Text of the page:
McIlroy’s never been the most accurate off the tee, but his errant drives this season were no longer just "playable" from the trees—they were out of bounds. Consider that in 2012, McIlroy played 56 rounds and posted just 153 bogeys or worse, meaning he made bogey or worse about 15 percent of the time. Transition to 2013 when he played 60 rounds, posted 185 bogeys or worse and made these big numbers nearly 19 percent of the time.
Enduring penalties and not executing key shots often left McIlroy putting to save par or bogey, instead of going after birdies. The less time McIlroy has to spend making up ground on his competition, the more time he'll have to play his aggressive, but precise, brand of golf.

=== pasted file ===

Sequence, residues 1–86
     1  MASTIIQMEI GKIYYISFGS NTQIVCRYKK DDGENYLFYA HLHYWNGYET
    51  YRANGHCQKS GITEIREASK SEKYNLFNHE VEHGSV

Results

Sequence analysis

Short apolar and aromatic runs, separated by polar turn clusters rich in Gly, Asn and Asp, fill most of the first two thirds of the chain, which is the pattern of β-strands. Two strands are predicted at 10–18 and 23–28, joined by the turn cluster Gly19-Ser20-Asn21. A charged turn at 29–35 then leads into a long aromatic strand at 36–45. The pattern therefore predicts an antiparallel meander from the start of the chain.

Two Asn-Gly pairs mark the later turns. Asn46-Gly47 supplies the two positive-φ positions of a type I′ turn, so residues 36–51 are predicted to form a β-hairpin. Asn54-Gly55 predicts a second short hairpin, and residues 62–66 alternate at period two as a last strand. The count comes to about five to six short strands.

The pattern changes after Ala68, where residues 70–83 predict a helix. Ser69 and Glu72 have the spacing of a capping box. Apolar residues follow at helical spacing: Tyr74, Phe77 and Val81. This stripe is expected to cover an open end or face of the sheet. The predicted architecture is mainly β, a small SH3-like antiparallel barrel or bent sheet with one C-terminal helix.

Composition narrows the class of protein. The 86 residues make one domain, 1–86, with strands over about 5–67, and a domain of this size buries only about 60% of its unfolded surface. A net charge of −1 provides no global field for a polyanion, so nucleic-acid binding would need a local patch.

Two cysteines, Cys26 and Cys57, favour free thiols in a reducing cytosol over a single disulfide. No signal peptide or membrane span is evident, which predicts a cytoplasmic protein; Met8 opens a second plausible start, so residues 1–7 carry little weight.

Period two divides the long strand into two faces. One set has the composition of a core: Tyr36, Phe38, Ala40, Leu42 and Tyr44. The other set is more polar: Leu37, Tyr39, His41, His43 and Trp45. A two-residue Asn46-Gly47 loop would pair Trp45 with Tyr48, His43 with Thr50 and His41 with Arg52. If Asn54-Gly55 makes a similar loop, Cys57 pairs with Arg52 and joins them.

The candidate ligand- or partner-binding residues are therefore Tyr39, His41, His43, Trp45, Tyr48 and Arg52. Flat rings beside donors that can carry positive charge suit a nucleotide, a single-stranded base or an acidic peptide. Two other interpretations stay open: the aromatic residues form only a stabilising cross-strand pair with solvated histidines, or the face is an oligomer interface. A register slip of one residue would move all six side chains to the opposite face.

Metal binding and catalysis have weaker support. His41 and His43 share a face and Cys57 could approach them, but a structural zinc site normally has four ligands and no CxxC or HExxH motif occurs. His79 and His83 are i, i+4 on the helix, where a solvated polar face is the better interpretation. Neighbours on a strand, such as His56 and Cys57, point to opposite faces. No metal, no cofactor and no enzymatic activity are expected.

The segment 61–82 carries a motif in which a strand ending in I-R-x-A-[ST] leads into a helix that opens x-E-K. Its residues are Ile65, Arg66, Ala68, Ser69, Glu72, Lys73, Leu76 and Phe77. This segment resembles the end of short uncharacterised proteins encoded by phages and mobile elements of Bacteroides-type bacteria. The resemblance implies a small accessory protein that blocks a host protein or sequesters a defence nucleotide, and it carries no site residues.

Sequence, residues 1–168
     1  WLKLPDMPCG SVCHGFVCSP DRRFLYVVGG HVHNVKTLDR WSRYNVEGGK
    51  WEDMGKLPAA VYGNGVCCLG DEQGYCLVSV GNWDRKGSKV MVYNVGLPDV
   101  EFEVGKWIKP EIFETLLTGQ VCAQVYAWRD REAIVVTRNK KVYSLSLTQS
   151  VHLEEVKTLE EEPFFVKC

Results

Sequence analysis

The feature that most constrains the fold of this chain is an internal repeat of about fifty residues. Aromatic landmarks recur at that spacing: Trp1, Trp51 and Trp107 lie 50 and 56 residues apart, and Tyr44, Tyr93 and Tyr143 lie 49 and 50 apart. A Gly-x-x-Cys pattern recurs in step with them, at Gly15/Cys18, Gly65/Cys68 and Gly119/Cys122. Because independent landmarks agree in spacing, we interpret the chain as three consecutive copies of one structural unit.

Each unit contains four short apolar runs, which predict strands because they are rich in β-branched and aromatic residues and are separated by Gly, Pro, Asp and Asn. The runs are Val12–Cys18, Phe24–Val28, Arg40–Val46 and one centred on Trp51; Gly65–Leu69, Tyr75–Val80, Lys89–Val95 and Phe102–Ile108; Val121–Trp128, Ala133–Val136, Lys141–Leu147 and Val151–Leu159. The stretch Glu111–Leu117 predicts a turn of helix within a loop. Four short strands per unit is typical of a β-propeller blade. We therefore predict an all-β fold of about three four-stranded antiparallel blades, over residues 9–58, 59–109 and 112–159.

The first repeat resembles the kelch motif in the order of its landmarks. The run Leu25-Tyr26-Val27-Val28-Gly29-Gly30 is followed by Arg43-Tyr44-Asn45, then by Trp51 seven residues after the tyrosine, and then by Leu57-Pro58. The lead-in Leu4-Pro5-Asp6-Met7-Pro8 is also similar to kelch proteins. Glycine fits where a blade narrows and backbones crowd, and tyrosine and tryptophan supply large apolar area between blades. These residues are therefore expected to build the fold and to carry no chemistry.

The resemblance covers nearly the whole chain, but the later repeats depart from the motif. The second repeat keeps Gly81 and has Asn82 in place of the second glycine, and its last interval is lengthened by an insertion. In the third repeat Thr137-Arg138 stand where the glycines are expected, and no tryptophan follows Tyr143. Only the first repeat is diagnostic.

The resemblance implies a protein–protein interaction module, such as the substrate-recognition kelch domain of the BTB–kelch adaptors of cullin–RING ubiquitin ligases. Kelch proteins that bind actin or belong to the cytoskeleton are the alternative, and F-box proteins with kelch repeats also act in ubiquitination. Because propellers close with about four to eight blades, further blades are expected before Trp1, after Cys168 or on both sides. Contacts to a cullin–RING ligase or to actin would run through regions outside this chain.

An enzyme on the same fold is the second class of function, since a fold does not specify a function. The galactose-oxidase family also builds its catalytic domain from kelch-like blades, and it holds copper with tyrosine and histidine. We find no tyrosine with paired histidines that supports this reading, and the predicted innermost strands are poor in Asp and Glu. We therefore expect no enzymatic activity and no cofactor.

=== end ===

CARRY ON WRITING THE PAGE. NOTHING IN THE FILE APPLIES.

Second, he’ll need to regain his putting stroke.
McIlroy's key stats are virtually identical over the last two seasons, except for his putting. Whereas he ranked 82nd in 2012 in strokes-gained putting, he dropped 40 spots to 122nd in 2013.
Putting well is an art as much as a science. There’s no paint-by-numbers scheme or one-size-fits-all motion. Just as a basketball player shoots hundreds of free throws to find his stroke, McIlroy will need to immerse himself this offseason in the putting stroke that best suits his eye, his feel and his game.
Lastly, to find his way back into the limelight, McIlroy must take a note out of Adam Scott's book from 2013 and find a way to have his game peak around the year’s biggest events.